The Zika virus is spreading from the Caribbean to California and Oregon

The Zika virus is spreading from the Caribbean to California and Oregon

Bird flu spreads to Southern California, infecting chickens, wild birds and other animals

This article is more than 4 years old

This article is more than 4 years old

Ebola, Zika, and other outbreaks of mysterious infections transmitted by mosquitoes are now spreading from the Caribbean or Central America to Southern California and parts of Oregon.

Zika, spread by a mosquito that bites infected people and animals, has spread to at least 26 countries after being first detected in the United States and the Caribbean in 2015.

In 2017, an outbreak of the Zika virus, transmitted by Aedes mosquitoes, was reported in El Salvador and then in the Pacific island of Yap, a French territory, and in a small area of California last month. On 17 July, a Zika virus infection was reported in the Cook County, Illinois area, on the eastern tip of the US, where a mosquito carrying the virus had been circulating for about two years.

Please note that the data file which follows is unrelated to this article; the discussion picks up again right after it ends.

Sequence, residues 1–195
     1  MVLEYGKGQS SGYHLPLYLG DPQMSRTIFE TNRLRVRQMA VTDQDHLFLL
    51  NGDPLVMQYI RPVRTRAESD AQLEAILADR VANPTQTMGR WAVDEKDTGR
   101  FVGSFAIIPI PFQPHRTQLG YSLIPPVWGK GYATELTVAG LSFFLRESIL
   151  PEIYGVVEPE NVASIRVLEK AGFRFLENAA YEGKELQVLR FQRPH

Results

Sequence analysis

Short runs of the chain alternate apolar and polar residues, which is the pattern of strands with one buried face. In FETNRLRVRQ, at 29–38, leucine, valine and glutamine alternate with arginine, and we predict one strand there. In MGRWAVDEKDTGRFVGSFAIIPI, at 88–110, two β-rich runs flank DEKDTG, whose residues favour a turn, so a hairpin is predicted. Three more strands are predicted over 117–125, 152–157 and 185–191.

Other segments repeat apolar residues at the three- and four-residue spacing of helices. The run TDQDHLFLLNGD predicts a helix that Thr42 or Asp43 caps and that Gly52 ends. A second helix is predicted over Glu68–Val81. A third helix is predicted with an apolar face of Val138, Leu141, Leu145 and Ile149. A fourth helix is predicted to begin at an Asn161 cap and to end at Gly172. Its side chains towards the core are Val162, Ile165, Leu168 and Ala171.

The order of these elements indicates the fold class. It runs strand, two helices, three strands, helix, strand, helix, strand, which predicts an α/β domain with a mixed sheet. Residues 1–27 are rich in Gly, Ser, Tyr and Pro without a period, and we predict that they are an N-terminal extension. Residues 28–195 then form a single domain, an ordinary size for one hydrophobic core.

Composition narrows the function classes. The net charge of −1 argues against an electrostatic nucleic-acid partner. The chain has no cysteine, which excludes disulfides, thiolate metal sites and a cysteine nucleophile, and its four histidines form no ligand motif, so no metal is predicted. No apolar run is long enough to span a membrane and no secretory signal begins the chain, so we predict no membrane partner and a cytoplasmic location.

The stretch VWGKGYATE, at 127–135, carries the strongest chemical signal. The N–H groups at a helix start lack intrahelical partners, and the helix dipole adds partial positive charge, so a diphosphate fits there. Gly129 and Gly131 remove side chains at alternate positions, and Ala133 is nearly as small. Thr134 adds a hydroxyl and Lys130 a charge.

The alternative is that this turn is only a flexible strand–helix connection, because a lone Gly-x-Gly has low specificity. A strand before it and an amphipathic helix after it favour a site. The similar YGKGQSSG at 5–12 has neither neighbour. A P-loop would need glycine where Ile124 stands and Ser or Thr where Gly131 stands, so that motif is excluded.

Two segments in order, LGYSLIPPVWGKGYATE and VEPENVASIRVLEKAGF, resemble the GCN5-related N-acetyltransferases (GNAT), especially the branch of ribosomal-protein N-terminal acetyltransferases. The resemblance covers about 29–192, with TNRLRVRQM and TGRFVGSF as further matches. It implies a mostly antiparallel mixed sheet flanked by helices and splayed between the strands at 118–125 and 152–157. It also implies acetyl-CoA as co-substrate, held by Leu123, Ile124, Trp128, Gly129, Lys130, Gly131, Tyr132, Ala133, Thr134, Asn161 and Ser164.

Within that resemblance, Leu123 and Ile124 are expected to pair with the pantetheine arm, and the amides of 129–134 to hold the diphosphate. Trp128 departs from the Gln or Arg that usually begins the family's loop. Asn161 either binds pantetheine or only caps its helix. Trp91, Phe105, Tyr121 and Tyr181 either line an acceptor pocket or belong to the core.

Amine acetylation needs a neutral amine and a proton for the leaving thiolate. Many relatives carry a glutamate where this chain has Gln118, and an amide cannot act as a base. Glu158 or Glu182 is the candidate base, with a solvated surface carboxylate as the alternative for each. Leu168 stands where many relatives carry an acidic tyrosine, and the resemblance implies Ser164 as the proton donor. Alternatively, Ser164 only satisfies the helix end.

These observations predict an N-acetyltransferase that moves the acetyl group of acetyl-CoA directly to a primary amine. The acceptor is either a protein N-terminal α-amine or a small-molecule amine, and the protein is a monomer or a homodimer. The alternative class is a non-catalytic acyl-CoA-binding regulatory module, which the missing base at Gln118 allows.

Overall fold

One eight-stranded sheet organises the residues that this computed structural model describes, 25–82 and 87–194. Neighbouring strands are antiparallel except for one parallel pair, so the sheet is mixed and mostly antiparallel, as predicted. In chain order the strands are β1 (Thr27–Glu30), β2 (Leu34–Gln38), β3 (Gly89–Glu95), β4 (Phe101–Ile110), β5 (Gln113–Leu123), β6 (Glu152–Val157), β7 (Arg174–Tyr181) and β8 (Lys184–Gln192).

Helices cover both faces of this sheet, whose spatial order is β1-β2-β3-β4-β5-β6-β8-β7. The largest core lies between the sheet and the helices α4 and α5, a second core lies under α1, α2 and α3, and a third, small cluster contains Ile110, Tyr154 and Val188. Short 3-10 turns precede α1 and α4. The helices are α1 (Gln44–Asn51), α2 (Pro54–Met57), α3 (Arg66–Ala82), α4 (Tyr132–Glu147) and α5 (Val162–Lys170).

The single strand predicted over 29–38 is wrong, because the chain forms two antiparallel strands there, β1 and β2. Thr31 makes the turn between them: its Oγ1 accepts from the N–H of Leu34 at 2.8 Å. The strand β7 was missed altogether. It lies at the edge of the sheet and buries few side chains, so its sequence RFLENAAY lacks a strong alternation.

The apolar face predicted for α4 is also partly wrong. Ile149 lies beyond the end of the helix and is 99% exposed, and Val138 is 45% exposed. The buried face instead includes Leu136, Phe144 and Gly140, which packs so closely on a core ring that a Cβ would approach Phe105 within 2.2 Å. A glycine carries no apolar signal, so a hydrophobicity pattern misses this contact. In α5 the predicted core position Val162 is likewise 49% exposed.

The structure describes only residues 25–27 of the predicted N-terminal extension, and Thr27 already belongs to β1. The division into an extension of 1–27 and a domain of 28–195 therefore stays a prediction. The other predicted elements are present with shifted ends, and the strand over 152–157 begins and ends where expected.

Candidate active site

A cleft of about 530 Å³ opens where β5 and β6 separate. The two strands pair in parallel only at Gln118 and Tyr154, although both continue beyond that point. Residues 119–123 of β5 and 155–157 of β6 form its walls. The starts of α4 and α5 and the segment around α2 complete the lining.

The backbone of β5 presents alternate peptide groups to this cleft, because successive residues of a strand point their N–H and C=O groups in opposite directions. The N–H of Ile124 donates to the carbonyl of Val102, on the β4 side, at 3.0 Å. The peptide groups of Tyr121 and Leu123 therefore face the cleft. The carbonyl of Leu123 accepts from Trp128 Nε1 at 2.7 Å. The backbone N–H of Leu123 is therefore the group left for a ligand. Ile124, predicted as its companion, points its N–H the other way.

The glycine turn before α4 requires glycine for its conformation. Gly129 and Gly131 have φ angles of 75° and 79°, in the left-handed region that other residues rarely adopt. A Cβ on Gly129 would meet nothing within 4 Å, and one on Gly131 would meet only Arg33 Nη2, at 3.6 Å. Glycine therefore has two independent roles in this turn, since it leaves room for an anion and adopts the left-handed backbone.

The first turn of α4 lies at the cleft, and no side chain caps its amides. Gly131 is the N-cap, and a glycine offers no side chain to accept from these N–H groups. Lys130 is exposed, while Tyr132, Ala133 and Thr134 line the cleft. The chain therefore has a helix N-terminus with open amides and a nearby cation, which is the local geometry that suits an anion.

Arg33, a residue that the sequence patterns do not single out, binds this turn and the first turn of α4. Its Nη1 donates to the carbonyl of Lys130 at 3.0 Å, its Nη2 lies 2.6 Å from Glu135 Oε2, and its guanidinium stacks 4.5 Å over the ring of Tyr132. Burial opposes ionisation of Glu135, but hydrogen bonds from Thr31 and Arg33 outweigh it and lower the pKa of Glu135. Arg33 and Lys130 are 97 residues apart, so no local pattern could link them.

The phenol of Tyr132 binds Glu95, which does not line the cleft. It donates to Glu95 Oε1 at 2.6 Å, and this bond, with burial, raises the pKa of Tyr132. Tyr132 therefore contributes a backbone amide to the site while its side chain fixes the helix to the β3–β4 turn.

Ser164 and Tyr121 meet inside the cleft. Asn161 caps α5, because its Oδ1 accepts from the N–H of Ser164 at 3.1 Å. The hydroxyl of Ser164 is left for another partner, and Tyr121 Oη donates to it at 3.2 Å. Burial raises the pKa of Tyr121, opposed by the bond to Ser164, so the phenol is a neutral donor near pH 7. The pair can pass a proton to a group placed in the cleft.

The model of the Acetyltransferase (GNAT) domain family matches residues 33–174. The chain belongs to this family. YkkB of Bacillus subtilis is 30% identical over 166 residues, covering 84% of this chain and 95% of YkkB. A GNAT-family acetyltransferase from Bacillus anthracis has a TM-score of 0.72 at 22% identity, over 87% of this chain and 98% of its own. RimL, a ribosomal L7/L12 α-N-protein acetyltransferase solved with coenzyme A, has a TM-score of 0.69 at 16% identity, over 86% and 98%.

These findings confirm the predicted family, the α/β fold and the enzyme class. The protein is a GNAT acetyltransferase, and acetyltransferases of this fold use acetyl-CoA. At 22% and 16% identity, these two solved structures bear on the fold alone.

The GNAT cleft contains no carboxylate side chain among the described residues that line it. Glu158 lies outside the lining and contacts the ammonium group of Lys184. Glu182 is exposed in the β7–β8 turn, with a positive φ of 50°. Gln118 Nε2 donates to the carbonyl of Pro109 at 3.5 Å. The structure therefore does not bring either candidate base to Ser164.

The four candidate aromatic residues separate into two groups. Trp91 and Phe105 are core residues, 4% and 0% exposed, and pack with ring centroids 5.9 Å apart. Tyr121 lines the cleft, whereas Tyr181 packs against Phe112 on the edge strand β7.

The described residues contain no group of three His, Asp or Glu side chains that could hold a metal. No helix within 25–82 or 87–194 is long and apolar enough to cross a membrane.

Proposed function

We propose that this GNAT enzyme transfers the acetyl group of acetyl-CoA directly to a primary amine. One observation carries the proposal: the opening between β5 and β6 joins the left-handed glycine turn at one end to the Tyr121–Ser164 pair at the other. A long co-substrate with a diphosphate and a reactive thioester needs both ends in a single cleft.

The virus has also spread to Australia, New Zealand, the UK and the continental US.

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There has been no reported transmission among humans in the US, and health officials there have not ruled out the risk and are taking precautions to prevent spread.

However, the risk of mosquito-borne diseases such as dengue, yellow fever, West Nile, and chikungunya virus, spread by mosquitoes, and the risk of a new virus spreading that is not yet been identified, have also been raised.

The US Centers for Disease Control and Prevention (CDC) reported the Zika virus in its Weekly Morbidity Report on 2 August, but it does not yet have data for whether any Zika infections have resulted in illness. It has said that pregnant women are only at risk if they have a known risk factor for the Zika virus.

While the first confirmed case of transmission of Zika was in the United States in the Yap state of northern society, most of the cases have been reported in the Caribbean.

But the threat is more than Zika.

Zika is linked to microcephaly, a birth defect that can cause serious brain and skull deformities in the unborn child, which usually results in death or lifelong disability.

There have also been reports of Guillain-Barre syndrome, an illness that causes temporary paralysis, in the US and elsewhere, associated with Zika.

The CDC also reports that the

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